51 Park Place is the site of the proposed Islamic center.

Mr. Seymour said in an interview he had decided to issue a “narrow constitutional statement” rather than addressing “the entire spectrum of political and emotional issues at play.”

Mr. Seymour said he relied on a wealth of reports the city bar has issued in support of preserving constitutional rights which have come under siege since 9/11.

Michael A. Cardozo, the city’s corporation counsel, said in a statement yesterday, “As corporation counsel, and as a former City Bar Association president, I commend the association’s statement with respect to the downtown mosque. Both the Bar Association and the mayor have expressed their strong support of freedom of religion, one of our nation’s most precious and steadfast pillars. By combining this freedom with tolerance, we show the world that America is a country that won’t be bowed by terrorists.”

The terror attacks directly affected the Corporation Counsel’s office, which is located just north of ground zero. Approximately 1,000 staff were forced to evacuate and relocate to about 40 locations for nearly seven months.

William J. Honan, the executive partner of Holland & Knight, which in 2001 had its office a block from the World Trade Center, said many of the firm’s staff lived through “that horribly traumatic day, but that was the work of terrorists and that is not what we are talking about here.”

Mr. Honan said he was expressing a personal view, not that of the firm. One of Holland & Knight’s partners, Glen J. Winuk, a volunteer fireman, died on 9/11 after rushing to the towers to help with the rescue effort. Holland & Knight has since moved to West 52nd Street.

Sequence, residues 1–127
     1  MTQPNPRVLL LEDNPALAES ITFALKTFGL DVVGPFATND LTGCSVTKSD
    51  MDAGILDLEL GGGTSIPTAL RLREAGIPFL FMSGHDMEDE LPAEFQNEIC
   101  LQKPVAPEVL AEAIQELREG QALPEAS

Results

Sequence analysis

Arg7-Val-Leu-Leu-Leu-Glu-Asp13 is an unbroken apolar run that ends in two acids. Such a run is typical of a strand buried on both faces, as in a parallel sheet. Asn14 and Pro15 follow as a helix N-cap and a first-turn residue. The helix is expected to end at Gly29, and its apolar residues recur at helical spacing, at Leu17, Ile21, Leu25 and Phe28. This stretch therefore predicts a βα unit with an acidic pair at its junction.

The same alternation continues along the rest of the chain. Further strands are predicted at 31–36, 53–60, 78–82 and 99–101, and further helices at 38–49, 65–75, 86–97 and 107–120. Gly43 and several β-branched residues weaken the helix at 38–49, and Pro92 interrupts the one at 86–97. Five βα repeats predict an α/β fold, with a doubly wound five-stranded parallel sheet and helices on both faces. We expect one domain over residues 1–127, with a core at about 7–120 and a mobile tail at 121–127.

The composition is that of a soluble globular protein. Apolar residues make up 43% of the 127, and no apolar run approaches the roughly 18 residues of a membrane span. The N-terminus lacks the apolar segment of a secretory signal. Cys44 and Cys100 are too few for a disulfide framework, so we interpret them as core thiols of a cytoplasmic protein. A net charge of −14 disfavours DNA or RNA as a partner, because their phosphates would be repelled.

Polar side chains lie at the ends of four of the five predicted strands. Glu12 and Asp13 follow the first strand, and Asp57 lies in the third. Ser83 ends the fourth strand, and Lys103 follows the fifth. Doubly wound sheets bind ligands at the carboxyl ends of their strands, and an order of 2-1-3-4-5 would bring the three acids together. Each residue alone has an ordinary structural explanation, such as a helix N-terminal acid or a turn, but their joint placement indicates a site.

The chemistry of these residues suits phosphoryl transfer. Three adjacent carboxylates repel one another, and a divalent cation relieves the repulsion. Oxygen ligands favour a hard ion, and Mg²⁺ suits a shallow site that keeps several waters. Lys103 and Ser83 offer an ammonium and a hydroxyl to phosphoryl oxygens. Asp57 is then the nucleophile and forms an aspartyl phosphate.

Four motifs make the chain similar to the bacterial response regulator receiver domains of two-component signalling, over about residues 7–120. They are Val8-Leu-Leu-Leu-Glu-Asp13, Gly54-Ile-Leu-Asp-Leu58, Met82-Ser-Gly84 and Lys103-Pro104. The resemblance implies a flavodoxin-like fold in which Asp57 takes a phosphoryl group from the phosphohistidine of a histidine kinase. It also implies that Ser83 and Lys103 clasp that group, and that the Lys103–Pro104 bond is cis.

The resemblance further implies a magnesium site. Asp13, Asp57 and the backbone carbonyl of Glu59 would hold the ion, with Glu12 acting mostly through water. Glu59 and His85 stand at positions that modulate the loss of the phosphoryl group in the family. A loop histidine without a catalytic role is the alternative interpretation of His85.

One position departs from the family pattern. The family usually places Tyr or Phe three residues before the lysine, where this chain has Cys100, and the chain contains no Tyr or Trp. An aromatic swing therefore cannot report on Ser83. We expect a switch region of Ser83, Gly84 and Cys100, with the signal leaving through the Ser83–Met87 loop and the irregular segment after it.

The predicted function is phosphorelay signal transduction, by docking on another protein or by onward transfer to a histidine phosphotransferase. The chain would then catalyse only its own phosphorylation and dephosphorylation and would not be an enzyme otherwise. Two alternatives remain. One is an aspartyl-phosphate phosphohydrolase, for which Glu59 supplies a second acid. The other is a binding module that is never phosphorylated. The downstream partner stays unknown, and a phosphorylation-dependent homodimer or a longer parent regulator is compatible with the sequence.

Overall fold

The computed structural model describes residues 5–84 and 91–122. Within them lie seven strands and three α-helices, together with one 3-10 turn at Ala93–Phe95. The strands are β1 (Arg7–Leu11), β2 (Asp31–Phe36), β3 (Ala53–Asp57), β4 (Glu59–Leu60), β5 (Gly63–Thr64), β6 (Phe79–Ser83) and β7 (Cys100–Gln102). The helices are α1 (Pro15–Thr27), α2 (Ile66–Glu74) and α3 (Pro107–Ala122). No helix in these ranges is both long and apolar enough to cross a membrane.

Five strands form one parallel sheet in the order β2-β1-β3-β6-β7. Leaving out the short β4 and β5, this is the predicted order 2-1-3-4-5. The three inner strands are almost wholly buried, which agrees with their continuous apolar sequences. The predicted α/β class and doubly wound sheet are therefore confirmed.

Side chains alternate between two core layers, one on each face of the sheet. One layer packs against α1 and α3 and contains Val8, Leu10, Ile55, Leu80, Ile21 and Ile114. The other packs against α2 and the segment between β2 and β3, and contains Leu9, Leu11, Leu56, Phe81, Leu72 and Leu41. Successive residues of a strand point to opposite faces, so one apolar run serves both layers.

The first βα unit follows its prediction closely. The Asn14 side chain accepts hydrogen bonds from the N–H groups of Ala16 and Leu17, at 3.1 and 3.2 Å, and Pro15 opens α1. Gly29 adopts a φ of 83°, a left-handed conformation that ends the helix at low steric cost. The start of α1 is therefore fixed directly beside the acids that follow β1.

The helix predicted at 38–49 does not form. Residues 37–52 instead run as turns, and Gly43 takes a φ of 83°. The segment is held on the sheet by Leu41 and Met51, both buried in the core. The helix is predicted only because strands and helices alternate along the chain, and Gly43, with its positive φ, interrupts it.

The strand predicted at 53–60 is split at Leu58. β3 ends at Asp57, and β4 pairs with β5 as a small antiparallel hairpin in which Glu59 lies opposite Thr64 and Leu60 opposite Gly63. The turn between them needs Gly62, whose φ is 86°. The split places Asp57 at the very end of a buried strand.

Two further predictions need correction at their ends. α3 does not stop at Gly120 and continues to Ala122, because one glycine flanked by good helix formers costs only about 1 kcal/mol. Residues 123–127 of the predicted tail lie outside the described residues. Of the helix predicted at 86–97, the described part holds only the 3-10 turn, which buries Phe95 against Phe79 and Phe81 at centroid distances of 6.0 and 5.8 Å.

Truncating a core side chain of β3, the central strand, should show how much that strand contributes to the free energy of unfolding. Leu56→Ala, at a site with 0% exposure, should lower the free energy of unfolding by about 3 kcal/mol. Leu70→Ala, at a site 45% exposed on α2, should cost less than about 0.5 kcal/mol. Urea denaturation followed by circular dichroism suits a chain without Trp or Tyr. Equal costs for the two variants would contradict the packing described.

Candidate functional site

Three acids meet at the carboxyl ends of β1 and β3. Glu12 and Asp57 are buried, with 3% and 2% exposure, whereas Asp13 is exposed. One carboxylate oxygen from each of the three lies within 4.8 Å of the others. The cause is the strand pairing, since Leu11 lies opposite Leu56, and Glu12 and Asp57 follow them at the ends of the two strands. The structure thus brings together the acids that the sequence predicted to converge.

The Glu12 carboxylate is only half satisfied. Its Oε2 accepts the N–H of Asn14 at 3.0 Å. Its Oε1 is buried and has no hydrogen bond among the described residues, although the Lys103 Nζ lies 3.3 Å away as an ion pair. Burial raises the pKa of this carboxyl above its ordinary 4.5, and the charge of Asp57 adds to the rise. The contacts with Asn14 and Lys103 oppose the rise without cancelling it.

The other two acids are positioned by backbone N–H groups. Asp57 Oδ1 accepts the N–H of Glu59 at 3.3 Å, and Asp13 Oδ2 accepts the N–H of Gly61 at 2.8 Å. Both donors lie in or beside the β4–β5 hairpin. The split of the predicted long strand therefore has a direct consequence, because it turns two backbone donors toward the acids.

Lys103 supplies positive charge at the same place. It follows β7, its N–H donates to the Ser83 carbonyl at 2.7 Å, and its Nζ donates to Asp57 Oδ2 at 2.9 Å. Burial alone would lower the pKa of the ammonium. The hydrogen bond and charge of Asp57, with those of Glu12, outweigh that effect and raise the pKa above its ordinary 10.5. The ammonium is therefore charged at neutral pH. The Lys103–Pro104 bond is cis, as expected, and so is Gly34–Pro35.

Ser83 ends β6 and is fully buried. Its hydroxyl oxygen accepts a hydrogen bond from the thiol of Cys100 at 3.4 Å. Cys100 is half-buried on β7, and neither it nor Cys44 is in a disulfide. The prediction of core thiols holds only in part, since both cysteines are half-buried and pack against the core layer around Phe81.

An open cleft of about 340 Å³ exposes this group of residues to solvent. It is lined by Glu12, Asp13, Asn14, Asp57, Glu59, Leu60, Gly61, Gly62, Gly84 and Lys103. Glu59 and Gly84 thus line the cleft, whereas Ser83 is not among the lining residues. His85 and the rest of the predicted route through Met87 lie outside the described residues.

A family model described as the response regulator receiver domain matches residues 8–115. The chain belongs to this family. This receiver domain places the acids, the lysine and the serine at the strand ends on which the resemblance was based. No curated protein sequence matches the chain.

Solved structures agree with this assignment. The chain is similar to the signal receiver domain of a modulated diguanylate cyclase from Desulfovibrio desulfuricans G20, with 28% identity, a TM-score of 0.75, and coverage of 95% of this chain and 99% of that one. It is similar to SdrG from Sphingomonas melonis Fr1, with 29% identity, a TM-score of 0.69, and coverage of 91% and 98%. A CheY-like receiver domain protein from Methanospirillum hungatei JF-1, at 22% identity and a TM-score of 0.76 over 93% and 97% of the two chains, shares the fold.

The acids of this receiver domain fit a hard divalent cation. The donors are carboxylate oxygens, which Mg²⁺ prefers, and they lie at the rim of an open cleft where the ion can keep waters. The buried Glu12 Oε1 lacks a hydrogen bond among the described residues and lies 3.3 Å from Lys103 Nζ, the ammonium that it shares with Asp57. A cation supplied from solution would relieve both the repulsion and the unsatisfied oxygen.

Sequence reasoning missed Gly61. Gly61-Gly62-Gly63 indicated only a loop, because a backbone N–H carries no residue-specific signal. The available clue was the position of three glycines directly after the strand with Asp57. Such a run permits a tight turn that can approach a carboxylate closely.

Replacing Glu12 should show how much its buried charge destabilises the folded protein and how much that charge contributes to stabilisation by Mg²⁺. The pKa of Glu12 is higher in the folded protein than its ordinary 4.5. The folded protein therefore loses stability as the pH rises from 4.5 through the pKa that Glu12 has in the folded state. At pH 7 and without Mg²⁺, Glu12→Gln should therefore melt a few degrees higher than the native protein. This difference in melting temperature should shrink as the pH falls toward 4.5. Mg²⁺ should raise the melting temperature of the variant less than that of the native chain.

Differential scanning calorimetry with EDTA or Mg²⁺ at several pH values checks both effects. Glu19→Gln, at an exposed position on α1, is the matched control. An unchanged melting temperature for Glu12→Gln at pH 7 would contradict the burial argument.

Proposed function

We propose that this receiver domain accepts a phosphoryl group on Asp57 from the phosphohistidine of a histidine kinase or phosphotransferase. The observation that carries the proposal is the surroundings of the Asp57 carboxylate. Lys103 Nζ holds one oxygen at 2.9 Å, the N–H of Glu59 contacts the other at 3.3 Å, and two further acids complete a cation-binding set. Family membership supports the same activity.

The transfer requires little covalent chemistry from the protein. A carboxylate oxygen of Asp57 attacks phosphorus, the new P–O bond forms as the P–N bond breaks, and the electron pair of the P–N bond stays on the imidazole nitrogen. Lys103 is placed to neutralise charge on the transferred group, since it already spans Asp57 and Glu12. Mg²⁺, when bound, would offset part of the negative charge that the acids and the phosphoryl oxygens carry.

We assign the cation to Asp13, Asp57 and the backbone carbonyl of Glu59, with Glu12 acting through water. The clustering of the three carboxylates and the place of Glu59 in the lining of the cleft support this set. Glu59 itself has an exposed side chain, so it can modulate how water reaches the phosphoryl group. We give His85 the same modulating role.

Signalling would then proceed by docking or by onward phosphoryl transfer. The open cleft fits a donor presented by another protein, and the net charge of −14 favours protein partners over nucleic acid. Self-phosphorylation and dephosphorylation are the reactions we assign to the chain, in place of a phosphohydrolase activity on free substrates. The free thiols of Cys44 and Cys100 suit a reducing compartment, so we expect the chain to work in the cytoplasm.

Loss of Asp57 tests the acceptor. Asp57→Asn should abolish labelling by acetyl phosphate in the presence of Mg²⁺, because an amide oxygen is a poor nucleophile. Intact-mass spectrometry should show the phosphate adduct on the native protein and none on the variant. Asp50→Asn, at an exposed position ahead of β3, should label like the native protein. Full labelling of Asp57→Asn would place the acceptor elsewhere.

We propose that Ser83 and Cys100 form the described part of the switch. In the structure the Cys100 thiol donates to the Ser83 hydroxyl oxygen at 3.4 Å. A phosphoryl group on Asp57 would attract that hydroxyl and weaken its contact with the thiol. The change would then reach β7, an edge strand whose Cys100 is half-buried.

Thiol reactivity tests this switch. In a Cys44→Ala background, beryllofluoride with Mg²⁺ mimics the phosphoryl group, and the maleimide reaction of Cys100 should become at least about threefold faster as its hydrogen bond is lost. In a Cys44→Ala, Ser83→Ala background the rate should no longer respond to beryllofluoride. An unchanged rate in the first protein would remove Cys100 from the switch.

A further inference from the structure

Evan A. Davis, who was city bar president in 2001, said he is proud the association has fought to prevent curtailment “of basic constitutional principles because something terrible happened.” Mr. Davis, a partner at Cleary Gottlieb Steen & Hamilton, which is located a block from ground zero, said preserving the right to religious freedom is a part of that battle, and he “welcomes” the mosque to the neighborhood.

But Dennis Quirk, the president of the New York State Court Officers Association, said “the mosque should not be located close to [ground zero]” because the families of some of the 2,700 people killed in the attack “feel very strongly” that it does not belong there.

If the sponsors of the mosque would agree to move the site, he added, “they would have their religious freedom but not upset the [victims’] families.”

Many of the union’s members work in courthouses located near ground zero. Three court officers died in the rescue effort, and more than 45 were injured.

Stephen P. Younger, the president of the New York State Bar Association, referred a request for an interview to a spokesman, Nick Parrella, who said the group has not taken a position on the proposed Islamic center.